C’est La Mode Francaise

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6 May 2011 By Becky Cope

C’est la Mode Francaise

The French have been quintessentially elegant and fashionable since, well, forever. I’m sure even Joan of Arc had the most delicate lace stockings underneath her armour (I’m being a little over-imaginative perhaps!)

This leads to one question: pourquoi? Well, it’s unlikely that it’s just something in the water. The French seem to have that untenable sense of ‘je ne sais quoi’ ingrained into their brains when it comes to dressing. I’m not saying that there aren’t some serious exceptions to the rule: several 14 year old French exchange students certainly lacked fashion appeal with their grungy hoodies and unwashed hair. But what my argument essentially boils down to is this: the French invented chic didn’t they? And I think its time to celebrate it. The usual response to the French in England is grunts of disapproval and mutterings of ‘rude’ ‘don’t queue’ and ‘frogs legs’. However, the French certainly do get some things spot on, with their personal sense of style being just one of their talents. 

A quick glance across the Channel at the fashion capital of Paris and you’ll see what I mean. In the nineteenth century the European and American elite ordered entire seasons of clothes from Paris. Since then, only the method of buying clothes has changed, with the Parisians still leading the fashion pack. Dating back to the turn of the century, we have the legendary Reine de Mode, the one and only Coco Chanel. With her revolutionary take on women’s dress, transforming men’s wear into women’s wear and making it functional yet elegant, Chanel is the benchmark of French style.

Carine Roitfeld - New York Street Style

Then there’s the fashion royalty of French Vogue, Carine Roitfeld and Julia Restoin-Roitfeld. Carine has long held the title of world's-sleekest-magazine-editor, and was once declared the “most fashionable woman in the world”, with her taste for high end designers and killer heels of the Louboutin variety. Being watched like a hawk on all the most influential front rows, her dark hair, eyes and brows evoke Brooke Shields and eighties elegance; something that is very in right now. She hates handbags, she hates leather, and she thinks black is overrated. A woman unafraid to voice her opinions it seems; painfully confident in her own stylish assertions. Indeed, this is an important quality of the well-dressed French, deeming personal style and taste more integral to appearance than trends or labels.

Once declaring “Fashion is my boyfriend”, mini-Carine, Julia Restoin-Roitfeld has definitely stepped up into the spotlight so long held by her mother Carine. Gracing the pages of many magazines in recent editorials and interview pieces, this stylish offspring has really solidified our impression of an inherited sense of French elegance.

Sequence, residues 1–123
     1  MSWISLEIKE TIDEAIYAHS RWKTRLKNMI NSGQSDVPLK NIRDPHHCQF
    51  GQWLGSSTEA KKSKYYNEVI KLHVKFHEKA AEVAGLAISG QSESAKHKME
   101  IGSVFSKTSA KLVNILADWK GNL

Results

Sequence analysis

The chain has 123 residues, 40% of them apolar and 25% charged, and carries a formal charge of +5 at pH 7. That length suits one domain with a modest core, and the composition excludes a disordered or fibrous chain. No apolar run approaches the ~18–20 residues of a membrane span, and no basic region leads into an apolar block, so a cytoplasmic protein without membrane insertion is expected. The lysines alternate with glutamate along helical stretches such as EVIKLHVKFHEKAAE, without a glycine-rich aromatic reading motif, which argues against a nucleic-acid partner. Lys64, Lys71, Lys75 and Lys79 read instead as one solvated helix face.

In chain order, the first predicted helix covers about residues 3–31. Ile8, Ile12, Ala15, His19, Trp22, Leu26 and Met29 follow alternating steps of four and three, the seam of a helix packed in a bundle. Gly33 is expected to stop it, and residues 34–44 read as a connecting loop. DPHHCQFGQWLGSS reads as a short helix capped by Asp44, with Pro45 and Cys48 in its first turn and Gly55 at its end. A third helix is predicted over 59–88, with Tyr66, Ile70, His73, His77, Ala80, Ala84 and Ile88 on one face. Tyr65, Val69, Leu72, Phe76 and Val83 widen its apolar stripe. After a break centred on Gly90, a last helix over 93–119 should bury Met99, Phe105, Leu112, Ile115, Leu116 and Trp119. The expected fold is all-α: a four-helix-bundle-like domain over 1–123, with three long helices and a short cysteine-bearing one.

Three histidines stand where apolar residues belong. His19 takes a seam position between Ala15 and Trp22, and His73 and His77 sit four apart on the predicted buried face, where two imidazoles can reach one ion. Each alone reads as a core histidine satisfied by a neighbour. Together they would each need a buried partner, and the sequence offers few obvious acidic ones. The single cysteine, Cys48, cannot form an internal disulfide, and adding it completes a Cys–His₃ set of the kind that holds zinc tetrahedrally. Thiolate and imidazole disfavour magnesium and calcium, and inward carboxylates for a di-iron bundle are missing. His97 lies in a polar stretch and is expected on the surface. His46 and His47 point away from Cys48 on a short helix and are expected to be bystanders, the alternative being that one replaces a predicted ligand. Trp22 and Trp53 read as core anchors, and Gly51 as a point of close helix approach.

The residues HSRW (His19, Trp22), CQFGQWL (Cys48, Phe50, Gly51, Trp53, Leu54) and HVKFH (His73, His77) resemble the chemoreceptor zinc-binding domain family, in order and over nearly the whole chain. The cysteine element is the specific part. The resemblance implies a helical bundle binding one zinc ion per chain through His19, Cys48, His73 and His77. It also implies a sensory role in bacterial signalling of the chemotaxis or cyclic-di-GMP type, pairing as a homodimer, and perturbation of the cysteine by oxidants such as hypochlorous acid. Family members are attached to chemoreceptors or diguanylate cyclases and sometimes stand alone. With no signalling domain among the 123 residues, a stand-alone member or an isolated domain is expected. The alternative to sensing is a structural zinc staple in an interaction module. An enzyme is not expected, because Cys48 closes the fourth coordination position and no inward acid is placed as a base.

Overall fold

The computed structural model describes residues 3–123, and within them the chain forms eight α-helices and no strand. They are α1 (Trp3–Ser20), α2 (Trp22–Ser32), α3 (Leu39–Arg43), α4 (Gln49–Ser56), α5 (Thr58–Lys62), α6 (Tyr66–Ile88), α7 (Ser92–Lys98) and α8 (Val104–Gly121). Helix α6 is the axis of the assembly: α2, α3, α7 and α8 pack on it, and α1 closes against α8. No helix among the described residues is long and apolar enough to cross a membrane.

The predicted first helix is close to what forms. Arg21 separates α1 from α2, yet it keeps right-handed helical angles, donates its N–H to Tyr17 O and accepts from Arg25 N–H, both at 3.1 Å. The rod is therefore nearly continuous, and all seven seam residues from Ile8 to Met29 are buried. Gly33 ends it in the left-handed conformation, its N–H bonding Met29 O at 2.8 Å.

Despite claims that she cannot live up to her mother’s reputation for style, young Julia wore leather trousers to school and still shows a daring, rockstar flair in her dressing today. She’s not the only young fashionable girl of note in her generation as well; take a look at Lou Doillon, Audrey Tautou and Laetitia Casta to see what I mean. All three exude cool, class and that principally French quality; chic. It’s even captured on film. From the first appearance of Eva Green in Bertolucci’s 2003 film The Dreamers, with her blue velvet dress and red beret (seriously, it works), we know we are in for a sartorial treat.

C’est la mode francaise

And it’s not just the fashionistas who are getting it so right. After all, Paris is the place where many of the most famous and long-living Haute Couture houses were born. Aside from Chanel, we have Christian Dior, Balmain, Balenciaga and Christian Lacroix who all owe their heritage to Paris. Even the next generation of designers seem to effortlessly recapture and reimagine these elegant roots, constantly returning to basic principles instilled by their Haute Couture backgrounds. Just look at the recent Haute Couture collection from Galliano at Dior, inspired by French boudoirs with frills and negligee and ultimately French daring; think sex and cigarettes and freedom of expression to shock.

Then you have the evolution of Chanel under Lagerfeld over the last few years, with the constant reinvention of the camellia brooch, skirt suit and chain detailing. But you still have the excitement and daring of the French attitude to, well, everything (this is the country that will strike over anything), seen in the collections of the flamboyant Lacroix and truly inventive Ghesquière at Balenciaga. Even their shoe designers have got it right; Louboutin; need I say anymore?

All in all, I think it’s clear that I’d love a French polish to my wardrobe too.